Media influence on Equality
Even though many activities influence the way we view women and men, media is the most prominent and the most powerful factor influencing ideas/feelings about race and gender. According to sources from the US Census Bureau (2011), people were projected to spend more than half of their life occupied with radio, TH, newspapers, the Internet, and listening to personal music devices. Mass media and popular culture feeds people with a picture on how women and men are supposed to behave and be. This essay examines how the media and popular culture influence people’s perception on race and gender.
Women have been progressing by receiving more rights on their endeavor to be equal. After realizing the importance of education, and beginning to hold various positions in the workplace, women started noticing that they held an important position alongside men.“By the 1990’s nearly half of all workers were women and the majority of the working age women held jobs outside the home” (Kennedy 886). Despite all these people continue to view women as mere objects to men and inferior, and not people.
The media communicates images of sexes, majority of which perpetuate stereotypical, unrealistic, and limiting perceptions. Media represent gender in three different themes. To start with, women are underrepresented which implies that men are more superior and women less important or invincible according cultural standard. Secondly, women and men are stereotypically portrayed in a manner that mirror and uphold socially endorsed views of race and gender. The third theme is the depictions of the relationship between women and men accentuates traditional roles and normalize violence against women.
The major way in which media disfigures reality is through underrepresentation of women in the media. Regardless of the time, the number of white men outnumbers the number of women three times. During the 1970s, women’s sports did not receive equal coverage as that of men. People considered women’s athletics more inferior as compared to male athletics and their events perceived with less seriousness. In addition, male athletes received a higher pay as compared to that received by women athletes. It was Billie Jean King, a professional tennis player that helped bridge the gender disparity (Nike Commercial, 1970). Such portrayals coming from the media may make individual view women as inferior and less import according cultural standards.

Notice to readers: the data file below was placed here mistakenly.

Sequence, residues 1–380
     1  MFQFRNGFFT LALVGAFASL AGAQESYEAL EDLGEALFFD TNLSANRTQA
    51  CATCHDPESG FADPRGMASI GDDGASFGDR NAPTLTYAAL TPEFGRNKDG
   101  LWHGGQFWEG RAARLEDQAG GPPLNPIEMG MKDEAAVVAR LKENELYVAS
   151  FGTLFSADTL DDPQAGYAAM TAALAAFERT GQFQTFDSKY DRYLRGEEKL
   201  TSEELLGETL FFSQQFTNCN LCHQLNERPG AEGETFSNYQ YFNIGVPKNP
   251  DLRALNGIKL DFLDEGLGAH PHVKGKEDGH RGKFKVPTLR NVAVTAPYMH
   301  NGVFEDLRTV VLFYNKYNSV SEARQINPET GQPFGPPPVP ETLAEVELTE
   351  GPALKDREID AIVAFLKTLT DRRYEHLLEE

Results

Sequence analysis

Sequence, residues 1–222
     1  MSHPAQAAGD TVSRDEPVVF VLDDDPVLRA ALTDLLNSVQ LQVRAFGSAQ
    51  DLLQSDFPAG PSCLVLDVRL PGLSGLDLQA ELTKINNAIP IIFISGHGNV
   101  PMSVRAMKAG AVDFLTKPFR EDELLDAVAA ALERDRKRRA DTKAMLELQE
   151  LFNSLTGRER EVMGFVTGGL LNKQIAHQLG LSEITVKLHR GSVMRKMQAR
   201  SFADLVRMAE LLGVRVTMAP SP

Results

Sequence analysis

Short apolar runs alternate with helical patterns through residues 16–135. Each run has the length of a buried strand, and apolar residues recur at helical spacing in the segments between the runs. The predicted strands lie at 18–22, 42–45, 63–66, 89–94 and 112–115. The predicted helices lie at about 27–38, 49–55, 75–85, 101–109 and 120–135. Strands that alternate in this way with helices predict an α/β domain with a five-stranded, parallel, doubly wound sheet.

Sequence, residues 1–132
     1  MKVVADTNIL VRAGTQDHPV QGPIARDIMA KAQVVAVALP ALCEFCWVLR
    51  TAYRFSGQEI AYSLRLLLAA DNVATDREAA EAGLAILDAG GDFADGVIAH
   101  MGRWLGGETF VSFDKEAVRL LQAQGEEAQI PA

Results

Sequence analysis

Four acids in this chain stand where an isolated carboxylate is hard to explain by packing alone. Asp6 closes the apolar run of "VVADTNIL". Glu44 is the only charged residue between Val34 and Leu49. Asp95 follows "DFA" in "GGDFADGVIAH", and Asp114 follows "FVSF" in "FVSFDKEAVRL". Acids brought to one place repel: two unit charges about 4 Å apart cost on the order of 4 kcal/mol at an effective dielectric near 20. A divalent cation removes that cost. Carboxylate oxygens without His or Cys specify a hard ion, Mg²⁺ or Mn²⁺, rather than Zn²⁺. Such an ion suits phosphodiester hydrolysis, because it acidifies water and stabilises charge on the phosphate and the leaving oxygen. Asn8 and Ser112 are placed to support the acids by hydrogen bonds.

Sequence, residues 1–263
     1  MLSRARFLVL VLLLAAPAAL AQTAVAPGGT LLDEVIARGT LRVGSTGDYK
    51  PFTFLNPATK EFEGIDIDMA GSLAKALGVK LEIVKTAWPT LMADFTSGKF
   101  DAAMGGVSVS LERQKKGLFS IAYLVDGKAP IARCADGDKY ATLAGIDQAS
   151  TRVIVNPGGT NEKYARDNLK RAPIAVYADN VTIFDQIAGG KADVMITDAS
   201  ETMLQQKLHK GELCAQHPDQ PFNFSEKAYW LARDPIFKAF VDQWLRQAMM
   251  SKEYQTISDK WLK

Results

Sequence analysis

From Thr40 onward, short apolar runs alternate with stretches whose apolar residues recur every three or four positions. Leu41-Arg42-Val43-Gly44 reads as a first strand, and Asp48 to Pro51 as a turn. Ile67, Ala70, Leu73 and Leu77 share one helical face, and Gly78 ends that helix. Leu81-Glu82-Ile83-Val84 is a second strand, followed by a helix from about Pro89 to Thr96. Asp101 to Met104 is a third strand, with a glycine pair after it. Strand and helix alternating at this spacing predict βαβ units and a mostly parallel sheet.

In her song, Material Girl, Madonna portrays a woman is not looking for love and romance in relationship but for a man can satisfy her material needs. As each man showers her with gift; she takes the gift and abandons the guy. What she portrays in the video is that women cannot be bought with anything. As mentioned in the lyrics “Only boys who save their pennies, Make my rainy day.” Madonna disproves men perception of women as ‘material’ and not a person. Until the 1990s, employed women received less people as compared to men doing the same job. This happened despite undergoing the same education process and working same hours as men. On the other hand, women enjoyed receiving gifts even they still wanted to be valued as equal to men. That aside, this music video helped change the perspective held by men toward women. Her success in the music industry also shows that women can also make it just like men.
In conclusion, people spend more time in the media and popular culture thereby media impact how people perceive gender and race. It is evident that the dominance of TV shows by white males makes more people believe that white males are superior and other people are not able to perform such duties. Other races and females are underrepresented in the media hence making people perceive them as less important.
Ciccone, Madonna. Material Girl. Youtube. http://www.youtube.com/watch?v=_gWqc7pTNn0 http://www.union.edu/offices/dean/sart/campus/index.php
Nike Commercial. Battle of the Sexes III.
Kennedy, David. The American Pageant. Connecticut: Cengage Learning, 2012.